Applied Nate Silver – It’s a pattern until it’s not

This data and graphical view shows how patterns seem to appear in data and then more data comes in and the pattern is violated which implies the apparent pattern really was never there. I’m reading a book, On Second Thought: Outsmarting Your Mind’s Hard-Wired Habits, by Wray Herbert and it is describing patterns of thought, believed to be hardwired into our minds, which the author labels as ‘heuristics’. And one such heuristic is that our visual processing, which is outstanding at spotting patterns (so we can distinguish the movement of grass as the predator about to jump us vs just a puff of wind), extends to abstract tasks as well, like looking at data. Nate describes how sometimes we read too much into data that looks like a pattern when it isn’t. In a defense of his correct election predictions he attributes the Romnoid’s error in believing the data supported their notion they were winning as this tendency.

Well now I’m guilty of this. I’ve been upset (that’s mild, panicked is more like it) that I’m stuck on a weight plateau. So after an extreme effect I finally saw a drop and a drop that was too large to be explained by my actions, in short, yet another piece of noise in what I’m increasingly finding is hugely noisy data. So naturally I looked for patterns and found it. So I predicted that no matter what I did the next day my previous day’s anomalous loss would be wiped out and it was only a question of by how much. So here’s the graph:


Note the three points marked with yellow: big drops (too large to be real) with each of them followed by an increase in the next day. From a fundamental point of view it is easy to say the big drop was a statistical fluke and so the reversal is not so bad. But it’s not so easy to rationalize this to my emotional side – I love the big drops and have the big gains even though I know the drop was fake. I just hate to give back any gains, even if not real.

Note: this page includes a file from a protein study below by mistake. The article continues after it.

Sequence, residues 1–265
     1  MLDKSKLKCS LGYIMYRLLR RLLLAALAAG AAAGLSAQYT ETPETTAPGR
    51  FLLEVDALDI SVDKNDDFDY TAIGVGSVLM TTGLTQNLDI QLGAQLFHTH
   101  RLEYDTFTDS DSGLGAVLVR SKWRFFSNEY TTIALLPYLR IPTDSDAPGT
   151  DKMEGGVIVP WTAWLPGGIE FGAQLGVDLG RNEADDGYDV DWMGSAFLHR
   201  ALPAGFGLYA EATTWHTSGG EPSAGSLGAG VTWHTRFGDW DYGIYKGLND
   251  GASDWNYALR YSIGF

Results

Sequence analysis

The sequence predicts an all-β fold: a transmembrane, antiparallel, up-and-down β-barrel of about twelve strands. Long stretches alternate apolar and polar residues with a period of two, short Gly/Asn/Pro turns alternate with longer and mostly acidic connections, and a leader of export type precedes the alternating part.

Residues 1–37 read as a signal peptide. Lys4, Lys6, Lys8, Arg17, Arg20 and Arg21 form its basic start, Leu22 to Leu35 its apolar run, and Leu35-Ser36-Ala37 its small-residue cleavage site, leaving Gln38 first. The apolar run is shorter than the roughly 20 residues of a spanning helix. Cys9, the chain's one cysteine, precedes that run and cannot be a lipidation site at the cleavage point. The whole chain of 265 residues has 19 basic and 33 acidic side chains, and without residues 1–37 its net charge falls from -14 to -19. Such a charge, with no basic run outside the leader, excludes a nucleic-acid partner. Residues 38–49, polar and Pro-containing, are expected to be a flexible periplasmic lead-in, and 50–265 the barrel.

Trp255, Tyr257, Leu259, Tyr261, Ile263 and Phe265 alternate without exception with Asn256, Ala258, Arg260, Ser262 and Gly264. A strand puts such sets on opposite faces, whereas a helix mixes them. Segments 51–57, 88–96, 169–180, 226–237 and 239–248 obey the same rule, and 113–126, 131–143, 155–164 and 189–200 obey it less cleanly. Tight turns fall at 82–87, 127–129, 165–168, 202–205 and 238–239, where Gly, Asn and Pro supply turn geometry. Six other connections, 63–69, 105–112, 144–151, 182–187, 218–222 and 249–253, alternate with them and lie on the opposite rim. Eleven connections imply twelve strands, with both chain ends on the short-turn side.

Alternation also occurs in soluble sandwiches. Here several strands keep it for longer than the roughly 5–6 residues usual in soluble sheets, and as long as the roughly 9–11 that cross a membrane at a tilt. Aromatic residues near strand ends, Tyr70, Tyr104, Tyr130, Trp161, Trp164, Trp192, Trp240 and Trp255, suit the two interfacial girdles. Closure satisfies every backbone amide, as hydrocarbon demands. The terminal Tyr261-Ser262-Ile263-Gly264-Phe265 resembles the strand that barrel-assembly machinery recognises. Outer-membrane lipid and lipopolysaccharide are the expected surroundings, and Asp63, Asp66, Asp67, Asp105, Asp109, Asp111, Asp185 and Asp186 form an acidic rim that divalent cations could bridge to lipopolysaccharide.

So look at the data highlighted in green. Once again the big drop (a drop was expected but this is too much, not believable from any reality or science) and so I was prepared to see the same pattern as marked in yellow, that the next point would pop back up again. In fact when the anomalously low point is followed by a higher point it’s by over 2lbs and I was cringing at that idea since it means the two-day change would be tiny relative to the trendline.

So naturally I was very surprised when that didn’t happen this time. Not only did I not reverse the low point I actually “beat” it. This was particularly amazing to me in that the very first scale value is that lowest blue dot, the most anomalous possible.

So now what do I do – believe this? Or is the pattern that it will take two days to bounce back up again? I’ve been disappointed so often, after all the mental effort this weight loss requires, at any uptick, so naturally I’ve fallen into “pessimism” about upticks (predicting them always) as a defense (“oh, it’s just the statistical fluke, don’t worry about it, I’m still on long-term trend”). Pessimism is a rationalization to defend against disappointment; either my pessimistic view will be confirmed but I’ve attempted to rationalize it away, or my pessimism (like today) will have been alarmism and therefore I get to savor the “victory”.